SINGAPORE-based JustCo, which owns and manages co-working spaces, plans to spend more than US$100 million (Bt3.2 billion) to add 100 locations in 13 Asian markets – including Thailand – to its network by 2020, founder and chief executive officer Kong Wan Sing said yesterday.
Aside from Thailand, the new co-working space centres will be opened in India, Vietnam, Taiwan, Japan, South Korea, the Philippines, Hong Kong, mainland China, Australia, Singapore, Indonesia and Malaysia.
Five of the new centres are planned for Bangkok, with investment of US$3 million to US$5 million each. Each centre will provide more than 4,000 square metres. As many as 40 centres will be opened in China, Wan Sing said.
The company expects its co-working and office space to reach 250,000 square metres in the 13 countries and territories by 2020, he said.
Currently, the company has eight co-working space centres and five serviced offices in Singapore, as well as two sites in Bangkok, and will open a third site in Bangkok, at Samyan Mitr Town, next year. The company has three locations in Jakarta and two in Shanghai. Combined, they provide co-working and office space of 70,000 square metres, with occupancy rates of more than 70 per cent.
“We cannot fix an exact amount for our investment but it will be more than US$100 million,” Wan Sing said. “We gained funds from our major shareholders, Frasers Property and GIC, worth US$177 million early this year and that will be enough for our business expansion at this time.
“However, if we need to increase our budget for business expansion, we believe that our shareholders will be willing to pay for such expansion.”
Aside from Frasers Property and GiC, JustCo’s other significant shareholders include developer Sansiri Plc, among others.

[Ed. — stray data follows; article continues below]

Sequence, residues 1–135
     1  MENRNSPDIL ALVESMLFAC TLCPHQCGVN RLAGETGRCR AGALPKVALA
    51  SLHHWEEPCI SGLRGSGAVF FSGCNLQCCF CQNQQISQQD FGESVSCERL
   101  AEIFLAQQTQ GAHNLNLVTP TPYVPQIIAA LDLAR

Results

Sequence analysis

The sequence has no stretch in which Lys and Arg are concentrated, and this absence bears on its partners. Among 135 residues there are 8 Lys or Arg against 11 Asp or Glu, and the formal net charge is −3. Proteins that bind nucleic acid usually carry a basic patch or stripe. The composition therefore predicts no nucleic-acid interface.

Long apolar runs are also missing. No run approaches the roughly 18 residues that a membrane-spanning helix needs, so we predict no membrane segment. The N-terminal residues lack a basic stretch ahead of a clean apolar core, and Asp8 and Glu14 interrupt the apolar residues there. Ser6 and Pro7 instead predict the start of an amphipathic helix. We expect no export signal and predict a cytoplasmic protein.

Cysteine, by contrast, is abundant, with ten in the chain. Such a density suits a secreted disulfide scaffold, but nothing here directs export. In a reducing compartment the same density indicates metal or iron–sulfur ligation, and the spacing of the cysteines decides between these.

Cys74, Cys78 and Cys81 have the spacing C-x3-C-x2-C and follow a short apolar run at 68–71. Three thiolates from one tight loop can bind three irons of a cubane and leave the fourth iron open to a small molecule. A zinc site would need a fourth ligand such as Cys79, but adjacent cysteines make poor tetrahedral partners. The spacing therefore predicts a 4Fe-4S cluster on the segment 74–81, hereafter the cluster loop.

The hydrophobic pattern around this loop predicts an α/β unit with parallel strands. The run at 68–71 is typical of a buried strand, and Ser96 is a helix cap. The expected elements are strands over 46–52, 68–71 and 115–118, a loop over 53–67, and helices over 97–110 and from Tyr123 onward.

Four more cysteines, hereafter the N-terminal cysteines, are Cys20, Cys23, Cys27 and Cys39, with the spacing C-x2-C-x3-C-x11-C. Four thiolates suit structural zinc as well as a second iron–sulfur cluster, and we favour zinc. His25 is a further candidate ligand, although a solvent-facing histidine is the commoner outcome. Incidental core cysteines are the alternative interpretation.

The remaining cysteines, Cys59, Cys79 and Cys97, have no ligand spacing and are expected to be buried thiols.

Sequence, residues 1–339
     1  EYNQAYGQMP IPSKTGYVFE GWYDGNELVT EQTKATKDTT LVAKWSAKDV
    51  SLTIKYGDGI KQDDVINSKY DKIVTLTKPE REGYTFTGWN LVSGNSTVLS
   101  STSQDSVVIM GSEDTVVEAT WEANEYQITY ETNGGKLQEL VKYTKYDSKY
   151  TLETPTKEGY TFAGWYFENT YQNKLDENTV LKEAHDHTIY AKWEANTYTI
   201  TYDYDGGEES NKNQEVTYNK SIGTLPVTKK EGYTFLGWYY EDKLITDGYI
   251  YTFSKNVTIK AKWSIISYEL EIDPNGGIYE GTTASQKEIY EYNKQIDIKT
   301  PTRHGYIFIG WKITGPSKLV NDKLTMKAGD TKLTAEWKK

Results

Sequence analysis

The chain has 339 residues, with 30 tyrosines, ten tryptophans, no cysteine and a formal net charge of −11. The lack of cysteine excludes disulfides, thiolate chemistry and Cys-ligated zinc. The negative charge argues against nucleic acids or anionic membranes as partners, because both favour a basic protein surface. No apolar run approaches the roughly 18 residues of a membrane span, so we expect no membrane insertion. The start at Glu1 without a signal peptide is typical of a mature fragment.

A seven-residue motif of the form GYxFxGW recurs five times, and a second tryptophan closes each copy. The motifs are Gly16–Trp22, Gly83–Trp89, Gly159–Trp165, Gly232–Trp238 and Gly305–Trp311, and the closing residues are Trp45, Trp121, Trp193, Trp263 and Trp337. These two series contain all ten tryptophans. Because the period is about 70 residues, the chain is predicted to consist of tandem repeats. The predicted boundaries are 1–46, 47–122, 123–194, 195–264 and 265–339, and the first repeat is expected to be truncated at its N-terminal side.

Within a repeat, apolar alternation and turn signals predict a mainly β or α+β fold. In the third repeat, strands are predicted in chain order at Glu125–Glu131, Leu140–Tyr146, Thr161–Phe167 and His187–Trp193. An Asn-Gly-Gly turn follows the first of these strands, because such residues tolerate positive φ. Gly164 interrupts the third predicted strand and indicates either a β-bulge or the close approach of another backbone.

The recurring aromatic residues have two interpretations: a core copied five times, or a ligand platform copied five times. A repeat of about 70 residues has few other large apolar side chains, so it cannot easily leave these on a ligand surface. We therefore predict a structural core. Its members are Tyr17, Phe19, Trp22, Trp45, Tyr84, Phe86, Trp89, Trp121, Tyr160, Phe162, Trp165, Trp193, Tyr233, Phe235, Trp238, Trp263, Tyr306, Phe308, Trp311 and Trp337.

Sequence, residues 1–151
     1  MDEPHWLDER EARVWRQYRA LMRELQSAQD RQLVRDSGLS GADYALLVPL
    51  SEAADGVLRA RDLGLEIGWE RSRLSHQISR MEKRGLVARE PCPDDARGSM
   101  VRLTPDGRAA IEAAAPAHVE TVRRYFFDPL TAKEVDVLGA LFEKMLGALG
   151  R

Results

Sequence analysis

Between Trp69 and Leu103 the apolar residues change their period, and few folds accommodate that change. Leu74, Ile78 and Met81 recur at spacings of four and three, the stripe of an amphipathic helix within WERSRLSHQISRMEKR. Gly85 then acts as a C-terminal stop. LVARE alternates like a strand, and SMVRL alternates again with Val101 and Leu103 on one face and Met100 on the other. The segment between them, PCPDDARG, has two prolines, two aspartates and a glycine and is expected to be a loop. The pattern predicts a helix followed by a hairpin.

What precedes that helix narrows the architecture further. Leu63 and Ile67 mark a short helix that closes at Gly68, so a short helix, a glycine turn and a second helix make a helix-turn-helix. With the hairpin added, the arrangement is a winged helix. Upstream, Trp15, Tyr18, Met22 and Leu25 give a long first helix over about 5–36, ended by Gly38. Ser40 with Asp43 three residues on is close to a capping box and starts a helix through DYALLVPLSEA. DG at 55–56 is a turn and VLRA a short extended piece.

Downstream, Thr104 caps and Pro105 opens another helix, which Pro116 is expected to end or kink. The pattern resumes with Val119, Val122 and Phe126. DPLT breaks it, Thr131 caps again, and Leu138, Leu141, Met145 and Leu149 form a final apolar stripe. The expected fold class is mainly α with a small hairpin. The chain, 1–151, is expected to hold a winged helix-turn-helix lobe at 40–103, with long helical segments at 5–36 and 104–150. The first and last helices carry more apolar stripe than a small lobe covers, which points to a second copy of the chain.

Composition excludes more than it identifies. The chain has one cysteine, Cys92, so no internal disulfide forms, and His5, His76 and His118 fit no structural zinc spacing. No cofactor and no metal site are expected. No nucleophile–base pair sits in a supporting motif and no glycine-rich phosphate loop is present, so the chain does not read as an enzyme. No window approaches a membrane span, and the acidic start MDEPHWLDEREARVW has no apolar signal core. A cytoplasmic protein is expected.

In Thailand, JustCo set up a joint venture firm with Ticon Industrial Connection Plc, with Ticon holding 51 per cent of JustCo Thailand Co Ltd and JustCo the remainder.
Wan Sing said that demand for co-working space will see strong growth, based on a change in people’s preferences for co-working space over the traditional model for rented office space. This is because the environment surrounding co-working spaces creates a kind of community and serves as an inspiration for startups, entrepreneurs, and owners of small and medium-sized enterprises, he said.
In Singapore, co-working spaces have grown to account for about 5 per cent of the total office market, rising from just 1 per cent two years ago. The segment is enjoying growth of up to 9 per cent a year, Wan Sing said.
In Thailand, co-working spaces make up about 1 per cent of the total office space. Total office space in Bangkok covers about 8 million square metres.
The company forecasts that co-working spaces will make up about 5 per cent of the total office market in 2020, Wan Sing said.
Currently, the company manages 9,200 square metres of co-working space in Bangkok - at AIA Sathorn Tower and at Capital Tower. With the opening of its premises in Samyan Mitr Town next year, that will increase to 17,200 square metres in the capital. The company expects its co-working spaces in Bangkok will reach 30,000 square metres in 2020, Wan Sing said.
“When we expand our investment to open co-working space that needs an occupancy rate of about 60 per cent, that will generate income to cover our investment within four years,” Wan Sing said. “This presents an opportunity for our business expansion.”